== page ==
The Federal Reserve's massive data disclosure on which institutions got bailout money will be interesting from a historical standpoint but unlikely to be meaningful for investors, experts say.
In probably the biggest data dump in the central bank's history, the public will get to know which banks got how much under the government's slew of programs aimed at improving liquidity during the financial crisis.
The move comes as a requirement under this year's Dodd-Frank financial reform bill.
"Unless there's a surprise in there, it's been fairly well-telegraphed to the Street," said Dave Lutz, managing director of trading at Stifel Nicolaus in Baltimore. "If anything, the Street enjoys transparency, so it might be a minor positive. Unless there's a big surprise, it's probably a non-event."
As the financial system fell beneath the weight of the subprime mortgage collapse in 2008 and 2009, the Fed stepped in with a series of programs to help pump liquidity to the system. The largest banks essentially were required to take the funds, and some have paid it back.
Some other, mostly smaller institutions have yet to return the money and could suffer the most when the Fed makes its disclosures.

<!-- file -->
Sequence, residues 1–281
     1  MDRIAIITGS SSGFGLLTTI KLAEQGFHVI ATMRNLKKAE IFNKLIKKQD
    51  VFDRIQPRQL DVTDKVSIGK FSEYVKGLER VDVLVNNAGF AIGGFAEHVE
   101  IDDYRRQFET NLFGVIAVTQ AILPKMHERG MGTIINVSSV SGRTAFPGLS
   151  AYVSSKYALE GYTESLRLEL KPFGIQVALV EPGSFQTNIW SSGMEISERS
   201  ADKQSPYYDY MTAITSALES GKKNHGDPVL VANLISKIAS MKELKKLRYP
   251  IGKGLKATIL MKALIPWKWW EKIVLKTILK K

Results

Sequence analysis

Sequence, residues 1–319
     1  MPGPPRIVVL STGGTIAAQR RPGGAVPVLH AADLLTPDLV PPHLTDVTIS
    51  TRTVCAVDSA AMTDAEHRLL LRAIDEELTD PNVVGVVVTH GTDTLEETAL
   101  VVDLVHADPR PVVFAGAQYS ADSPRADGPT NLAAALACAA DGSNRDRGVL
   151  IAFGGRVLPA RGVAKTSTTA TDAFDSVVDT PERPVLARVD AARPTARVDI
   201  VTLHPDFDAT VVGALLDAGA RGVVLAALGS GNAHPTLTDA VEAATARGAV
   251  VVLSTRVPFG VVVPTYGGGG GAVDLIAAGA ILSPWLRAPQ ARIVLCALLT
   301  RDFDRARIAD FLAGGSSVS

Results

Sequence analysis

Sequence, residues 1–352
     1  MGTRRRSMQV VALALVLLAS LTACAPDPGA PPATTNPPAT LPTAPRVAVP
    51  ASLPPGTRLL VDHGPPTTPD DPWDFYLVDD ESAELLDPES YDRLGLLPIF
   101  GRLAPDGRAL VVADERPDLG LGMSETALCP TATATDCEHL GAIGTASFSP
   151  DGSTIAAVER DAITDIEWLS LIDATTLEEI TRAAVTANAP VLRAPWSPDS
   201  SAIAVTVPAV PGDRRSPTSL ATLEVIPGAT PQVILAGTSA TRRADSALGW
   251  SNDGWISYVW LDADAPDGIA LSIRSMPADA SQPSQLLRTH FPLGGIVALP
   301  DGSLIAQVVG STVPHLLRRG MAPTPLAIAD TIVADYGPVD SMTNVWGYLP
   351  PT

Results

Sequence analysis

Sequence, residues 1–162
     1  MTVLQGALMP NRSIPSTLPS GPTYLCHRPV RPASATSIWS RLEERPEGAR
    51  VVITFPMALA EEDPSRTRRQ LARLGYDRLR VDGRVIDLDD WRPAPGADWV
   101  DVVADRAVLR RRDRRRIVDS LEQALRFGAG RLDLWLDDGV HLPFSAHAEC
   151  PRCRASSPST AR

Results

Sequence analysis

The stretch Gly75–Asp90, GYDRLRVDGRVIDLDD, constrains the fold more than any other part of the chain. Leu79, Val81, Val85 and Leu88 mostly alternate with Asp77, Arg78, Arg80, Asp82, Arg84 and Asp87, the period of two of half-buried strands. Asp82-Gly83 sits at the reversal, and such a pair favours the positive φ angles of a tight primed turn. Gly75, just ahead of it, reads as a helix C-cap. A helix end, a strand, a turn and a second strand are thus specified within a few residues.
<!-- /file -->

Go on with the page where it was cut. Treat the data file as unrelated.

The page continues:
"The big thing here is it's probably going to hit a couple of the regional banks. It seems to have been factored in for the most part," said Michael Cohn, chief investment strategist at Global Arena Investment Management in New York. "Most of the financials are dead money anyway."
Still, investors are curious to see how much money the likes of Goldman Sachs , Morgan Stanley and Merrill Lynch, now part of Bank of America , took from the central bank.
Financials have been among the weakest stock market performers, even as the Standard & Poor's 500 has risen nearly 6 percent for the year. The sector is up fractionally for 2010.
Today's report may not have a major impact, though, especially if the economic data continue to come in strong.
"It's probably rear-view mirror stuff. What matters more currently are the ongoing debt issues and the economy. The Fed is secondary," said Ryan Detrick, senior analyst at Schaeffer's Investment Research in Cincinnati. "We're encouraged by the fact that consumer discretionary keeps leading this market higher. It seems like we're more forward-looking, and (the Fed disclosure) is kind of backward-looking."
—Reuters contributed to this report.